Board of Appeals overrides objections, gives OK to church rTC construction BALTIMORE COUNTY

November 21, 1992|By Frank D. Roylance | Frank D. Roylance,Staff Writer

For the second time this month, the Baltimore County Board of Appeals has given its blessing to the construction of a large church in the Oregon Ridge area over the objections of neighbors who say the buildings will spoil the area's quiet rural character.

In a decision released yesterday, the board granted a special zoning exception to allow construction of a 650-seat church on part of a 27-acre tract between Cuba Road and Greencroft Lane, just north of Shawan Road.

The exception is being sought by St. Francis Xavier Roman Catholic Church, which comprises 380 families from the growing Hunt Valley area.

They now meet in the basement of a commercial building in a Hunt Valley business park.

"Obviously, I'm delighted," said the parish priest, the Rev. Thomas J. Donellan. He declined to comment further until he has read the decision.

In addition to the church building, the project calls for parking for 200 cars, conversions of two existing dwellings for offices and a care taker's home, and a barn for meeting space.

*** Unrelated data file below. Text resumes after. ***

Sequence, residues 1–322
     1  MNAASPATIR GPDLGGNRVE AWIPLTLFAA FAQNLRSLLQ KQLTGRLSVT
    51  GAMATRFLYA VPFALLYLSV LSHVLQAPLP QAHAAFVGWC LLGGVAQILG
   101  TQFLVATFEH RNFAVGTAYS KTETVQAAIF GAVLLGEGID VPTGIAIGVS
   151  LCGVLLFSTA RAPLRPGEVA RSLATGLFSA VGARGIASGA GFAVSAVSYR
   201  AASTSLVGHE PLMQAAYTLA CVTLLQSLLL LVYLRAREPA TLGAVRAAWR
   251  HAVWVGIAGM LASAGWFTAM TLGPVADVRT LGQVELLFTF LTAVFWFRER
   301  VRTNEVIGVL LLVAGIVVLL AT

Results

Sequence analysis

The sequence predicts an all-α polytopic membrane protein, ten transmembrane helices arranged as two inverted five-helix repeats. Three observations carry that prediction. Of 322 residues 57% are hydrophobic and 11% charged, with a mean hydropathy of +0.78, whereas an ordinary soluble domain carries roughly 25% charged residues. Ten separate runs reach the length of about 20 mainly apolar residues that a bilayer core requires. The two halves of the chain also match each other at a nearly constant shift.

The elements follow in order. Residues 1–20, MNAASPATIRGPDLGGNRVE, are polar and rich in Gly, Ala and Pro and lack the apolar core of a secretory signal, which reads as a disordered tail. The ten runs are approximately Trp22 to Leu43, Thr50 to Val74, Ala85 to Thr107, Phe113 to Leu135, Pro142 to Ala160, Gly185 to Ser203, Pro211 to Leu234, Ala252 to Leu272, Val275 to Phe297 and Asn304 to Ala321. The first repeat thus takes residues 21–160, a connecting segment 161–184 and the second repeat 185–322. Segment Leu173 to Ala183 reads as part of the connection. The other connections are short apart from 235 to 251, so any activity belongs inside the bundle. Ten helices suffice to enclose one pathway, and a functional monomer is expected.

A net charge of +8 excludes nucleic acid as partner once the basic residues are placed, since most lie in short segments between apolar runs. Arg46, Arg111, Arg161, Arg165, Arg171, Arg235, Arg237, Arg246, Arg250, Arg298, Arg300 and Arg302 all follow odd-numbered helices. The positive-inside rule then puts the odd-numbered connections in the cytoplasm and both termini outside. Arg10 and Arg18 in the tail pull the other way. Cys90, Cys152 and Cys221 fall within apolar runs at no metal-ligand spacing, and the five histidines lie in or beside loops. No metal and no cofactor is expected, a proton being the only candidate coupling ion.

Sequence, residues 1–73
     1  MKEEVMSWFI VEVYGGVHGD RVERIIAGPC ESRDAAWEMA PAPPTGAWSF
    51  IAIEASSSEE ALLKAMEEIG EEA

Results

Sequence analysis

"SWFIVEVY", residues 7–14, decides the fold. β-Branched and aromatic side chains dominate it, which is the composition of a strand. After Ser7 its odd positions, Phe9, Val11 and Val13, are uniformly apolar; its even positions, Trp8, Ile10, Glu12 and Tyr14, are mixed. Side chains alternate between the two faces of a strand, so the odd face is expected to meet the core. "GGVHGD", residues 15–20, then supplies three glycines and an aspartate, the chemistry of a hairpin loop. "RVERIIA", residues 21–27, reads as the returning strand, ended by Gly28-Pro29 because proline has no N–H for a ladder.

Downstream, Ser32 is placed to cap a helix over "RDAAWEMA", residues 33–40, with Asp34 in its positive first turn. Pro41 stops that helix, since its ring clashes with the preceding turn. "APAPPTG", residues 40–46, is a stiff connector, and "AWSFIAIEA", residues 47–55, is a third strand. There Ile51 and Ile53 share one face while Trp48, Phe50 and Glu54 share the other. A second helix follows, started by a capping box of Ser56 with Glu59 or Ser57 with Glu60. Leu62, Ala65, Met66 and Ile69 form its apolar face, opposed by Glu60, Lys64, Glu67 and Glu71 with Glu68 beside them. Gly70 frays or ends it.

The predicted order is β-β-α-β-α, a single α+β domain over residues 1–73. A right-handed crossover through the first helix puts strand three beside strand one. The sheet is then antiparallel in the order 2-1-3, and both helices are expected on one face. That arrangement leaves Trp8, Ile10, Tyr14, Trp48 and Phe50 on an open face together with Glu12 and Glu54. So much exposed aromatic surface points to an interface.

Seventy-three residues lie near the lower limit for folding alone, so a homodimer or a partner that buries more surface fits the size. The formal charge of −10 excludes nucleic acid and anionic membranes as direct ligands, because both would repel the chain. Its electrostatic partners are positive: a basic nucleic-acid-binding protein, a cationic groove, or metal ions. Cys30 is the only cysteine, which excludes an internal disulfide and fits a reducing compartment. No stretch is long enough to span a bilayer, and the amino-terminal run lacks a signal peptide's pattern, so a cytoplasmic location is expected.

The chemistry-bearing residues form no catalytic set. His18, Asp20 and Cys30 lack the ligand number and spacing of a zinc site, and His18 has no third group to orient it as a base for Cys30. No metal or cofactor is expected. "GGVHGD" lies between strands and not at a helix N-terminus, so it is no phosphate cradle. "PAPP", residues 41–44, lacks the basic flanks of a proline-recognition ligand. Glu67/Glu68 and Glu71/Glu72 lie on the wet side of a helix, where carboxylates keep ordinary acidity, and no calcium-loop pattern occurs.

The board's decision requires that nearly 20 acres of the tract remain in open space or agriculture.

Dr. Barbara A. Cochran, who lives on Cuba Road near the church site and opposed the special exception, said the decision would be appealed to the Circuit Court.

In its decision, the board rejected neighbors' arguments that the church was out of place in the Oregon Ridge area.

"We find the church size and scale to be appropriate on this tract of land and not out of character" with the surrounding community, board members wrote. They also found the church design to be "in keeping with the site and surrounding area."

The decision also dismissed as "speculative" the opponents' argument that the church would lower property values.

"Even assuming for the moment the values could go down," the board wrote, "the board does not feel that this alone is sufficient reason for a denial of a special exception request."

A former member of the St. Francis parish, Dr. Cochran said she now feels "spiritually alienated" by its pursuit of the site against neighbors' objections.

"As a Catholic and a person who had attended that church, I find this is not consistent with the Vatican II ruling about working with the community, since the community is opposed," she said.

The church could be built at a lower cost on church-owned property on York Road, she said.

The Board's decision came two weeks after it approved a scaled-down, 500-seat house of worship for the Hunt Valley Presbyterian Church, to be located on Beaver Dam Road adjacent to Interstate 83.

Both projects are opposed by the Valleys Planning Council Inc. The group represents those who fear the churches will bring more traffic and more development west of I-83 and erode the rural character of the area, which the county Master Plan seeks to protect.

In the Hunt Valley Presbyterian case, the board noted, "This is no longer purely a farming area, but is now more of a suburban area, and as such, the church itself is not out of character with the neighborhood."

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